6 weeks pregnant
How is your baby growing at 6 weeks?
If you saw an ultrasound of your developing baby no one would blame you for thinking it looks a bit like a tadpole. Its body will be curving into a "C" shape and the neural tube along the back will be closing up. There will be a bump at the end of the neural tube that will become the brain and head – in fact the brain and spinal cord will soon comprise the largest, most compact tissue of the embryo. The heart will be obvious as a large bulge.
At 6 weeks, the size of the embryo is 5 – 8mm – about the size of a lentil – from its head to its bottom. Known as the "crown–rump length", this is the preferred measurement method because the developing embryo will have a tail and be curved, and when legs form later on they are usually curled up, making it difficult to get an accurate measurement from head to toe.
An ultrasound can sometimes pick up a primitive beating heart at this stage. Although the heart is beating and pushing fluids through the body at only 23–25 days after ovulation, the embryo will not have developed a circulatory system with blood vessels.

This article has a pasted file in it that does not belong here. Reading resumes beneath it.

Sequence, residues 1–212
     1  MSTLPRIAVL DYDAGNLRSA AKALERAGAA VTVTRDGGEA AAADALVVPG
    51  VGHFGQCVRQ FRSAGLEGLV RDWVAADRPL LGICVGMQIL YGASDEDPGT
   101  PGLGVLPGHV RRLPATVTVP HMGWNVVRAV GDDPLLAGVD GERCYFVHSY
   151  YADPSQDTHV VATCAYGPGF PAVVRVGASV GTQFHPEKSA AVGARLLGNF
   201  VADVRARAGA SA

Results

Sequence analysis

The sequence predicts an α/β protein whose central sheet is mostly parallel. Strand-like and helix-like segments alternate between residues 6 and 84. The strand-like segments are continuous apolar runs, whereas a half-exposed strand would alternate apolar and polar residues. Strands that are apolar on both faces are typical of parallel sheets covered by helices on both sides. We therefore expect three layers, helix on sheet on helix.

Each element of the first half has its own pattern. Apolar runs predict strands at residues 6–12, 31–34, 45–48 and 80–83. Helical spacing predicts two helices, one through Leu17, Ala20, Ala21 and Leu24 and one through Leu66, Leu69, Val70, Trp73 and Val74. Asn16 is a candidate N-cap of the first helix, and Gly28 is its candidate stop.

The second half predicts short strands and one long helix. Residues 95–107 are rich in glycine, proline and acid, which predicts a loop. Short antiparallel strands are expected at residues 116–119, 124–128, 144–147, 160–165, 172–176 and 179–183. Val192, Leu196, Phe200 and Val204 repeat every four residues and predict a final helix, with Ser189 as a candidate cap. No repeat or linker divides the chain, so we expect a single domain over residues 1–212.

New features will be appearing in the embryo. Thickened circles will form on both sides of the head – these will later develop into the eyes – and the passageways of the inner ears will begin to develop. The liver cells are now beginning to form before the rest of the digestive system, and small "limb buds" will appear where the baby's arms and legs will grow. The first thin layer of transparent skin appears covering the embryo.
How are you changing in week 6?
You should begin to feel pregnant if you have any of the common early signs of pregnancy. Your breasts may be tender and ache, you may experience the nausea and vomiting of morning sickness – and not just during the morning – and hormonal changes may also be making you urinate more often. Don't be surprised if fatigue seems to be an issue this week – your body needs to adjust to the demands of pregnancy. With fluctuations in hormones, you may also be feeling moody.
What you need to know in week 6
With the rapid developments of the neural tube in the last several days – which is the beginnings of the central nervous system – taking folic acid to prevent spinal cord defects has been crucial. Continue to take this supplement until 12 weeks pregnant, and a daily vitamin D supplement throughout pregnancy, and follow good antenatal habits. If you haven't stopped smoking already, do so, and avoid all alcohol.
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